What does that mean? Well, nobody can be sure, but one plausible effect could be that fewer people use their blogs as a way to share interesting things they've found online, or thoughts they have, as they have them. We might see blogs used more for longer, more considered posts - so maybe bloggers will start to publish fewer posts, but each post will have more substance to it.
What I would say is that blogging isn't going away any time soon. There still aren't many other ways to publish short to medium-length articles easily and quickly. Lots of individuals and businesses have proved blogs are useful - whether they're looking to make money from them or not.
Has the experience of UK-based tech blog publishing house Shiny Media dented the perception of blogging as a business?
So no, I don't think Shiny Media's demise has really affected people's perceptions. It is not easy to make significant money from blogging in its own right and few people would argue that it is. The collapse of Shiny Media merely underlines that.
What are your top tips on starting and monetising a blog?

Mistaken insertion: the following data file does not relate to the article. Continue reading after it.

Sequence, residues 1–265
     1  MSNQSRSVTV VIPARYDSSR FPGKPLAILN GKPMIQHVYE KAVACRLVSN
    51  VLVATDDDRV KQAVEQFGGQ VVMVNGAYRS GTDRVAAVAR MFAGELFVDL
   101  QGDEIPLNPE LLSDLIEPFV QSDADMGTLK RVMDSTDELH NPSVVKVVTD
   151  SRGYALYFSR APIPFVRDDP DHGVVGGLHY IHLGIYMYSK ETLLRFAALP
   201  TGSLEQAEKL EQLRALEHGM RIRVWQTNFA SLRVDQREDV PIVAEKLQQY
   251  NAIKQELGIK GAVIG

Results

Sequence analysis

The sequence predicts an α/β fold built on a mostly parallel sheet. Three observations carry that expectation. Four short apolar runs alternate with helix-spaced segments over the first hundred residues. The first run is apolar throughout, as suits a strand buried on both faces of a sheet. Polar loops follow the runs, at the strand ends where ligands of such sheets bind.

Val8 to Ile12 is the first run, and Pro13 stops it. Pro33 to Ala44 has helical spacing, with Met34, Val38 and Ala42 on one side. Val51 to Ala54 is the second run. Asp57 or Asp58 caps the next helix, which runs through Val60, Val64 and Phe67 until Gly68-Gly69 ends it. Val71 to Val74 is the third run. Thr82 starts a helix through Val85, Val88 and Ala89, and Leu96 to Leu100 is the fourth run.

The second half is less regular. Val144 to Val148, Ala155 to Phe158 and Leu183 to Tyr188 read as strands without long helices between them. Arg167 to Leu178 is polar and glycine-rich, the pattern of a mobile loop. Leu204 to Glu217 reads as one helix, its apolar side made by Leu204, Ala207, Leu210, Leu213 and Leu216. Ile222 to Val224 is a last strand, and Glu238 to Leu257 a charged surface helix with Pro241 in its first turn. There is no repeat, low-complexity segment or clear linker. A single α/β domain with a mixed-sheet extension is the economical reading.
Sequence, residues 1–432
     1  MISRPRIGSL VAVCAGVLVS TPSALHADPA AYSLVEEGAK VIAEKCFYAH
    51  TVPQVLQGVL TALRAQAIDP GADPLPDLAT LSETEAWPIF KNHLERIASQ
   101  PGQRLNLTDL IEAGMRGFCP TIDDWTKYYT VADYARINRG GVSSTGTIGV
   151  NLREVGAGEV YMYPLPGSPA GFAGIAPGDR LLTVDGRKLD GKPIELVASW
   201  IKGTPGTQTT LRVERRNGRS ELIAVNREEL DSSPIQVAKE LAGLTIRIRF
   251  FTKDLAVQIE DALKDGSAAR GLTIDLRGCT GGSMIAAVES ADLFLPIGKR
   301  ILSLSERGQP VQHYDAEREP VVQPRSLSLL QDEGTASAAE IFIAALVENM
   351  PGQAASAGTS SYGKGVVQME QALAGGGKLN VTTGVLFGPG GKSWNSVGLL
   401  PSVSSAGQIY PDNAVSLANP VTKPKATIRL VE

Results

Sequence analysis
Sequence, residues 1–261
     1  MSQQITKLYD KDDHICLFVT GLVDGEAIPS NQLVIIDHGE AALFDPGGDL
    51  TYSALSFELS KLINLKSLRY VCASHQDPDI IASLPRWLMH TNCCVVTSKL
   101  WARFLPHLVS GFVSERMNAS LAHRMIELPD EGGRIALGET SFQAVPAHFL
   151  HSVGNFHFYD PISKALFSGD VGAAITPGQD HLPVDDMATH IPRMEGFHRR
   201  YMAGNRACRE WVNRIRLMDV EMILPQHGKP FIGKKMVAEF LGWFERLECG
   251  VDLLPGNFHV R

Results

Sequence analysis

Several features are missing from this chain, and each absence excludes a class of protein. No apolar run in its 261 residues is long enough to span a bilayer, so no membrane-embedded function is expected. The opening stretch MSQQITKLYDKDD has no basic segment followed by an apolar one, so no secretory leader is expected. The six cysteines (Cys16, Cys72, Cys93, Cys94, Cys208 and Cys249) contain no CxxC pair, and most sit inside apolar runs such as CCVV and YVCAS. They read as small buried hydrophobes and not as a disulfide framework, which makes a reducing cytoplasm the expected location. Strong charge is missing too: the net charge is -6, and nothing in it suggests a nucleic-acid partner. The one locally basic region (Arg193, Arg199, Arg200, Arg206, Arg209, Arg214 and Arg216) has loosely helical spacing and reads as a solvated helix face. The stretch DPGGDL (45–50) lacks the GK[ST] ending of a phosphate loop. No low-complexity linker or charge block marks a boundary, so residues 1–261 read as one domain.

· Don't lose site of your content. That's still the most important thing - the quality of what you publish will attract visitors and keep them coming back. And without visitors, you'll never make anything back
· It all comes down to that audience. Your blog's audience is the key to making money from advertising, from syndication, from whatever - without people visiting, you can't possibly make any money at all. So always think of them first
· Find a niche. You can't possibly be all things to all people with your blog, so set out to cover a particular topic and appeal to a particular group of people, and stick to it
· Try different things. You might find some types of online advertising work really well, whereas some don't give you any return at all. So don't be afraid to mix things up a bit
· Work together. There is strength in numbers, so why not join forces with other bloggers? Some of the more successful blogs are run by a team of people, so why not try that?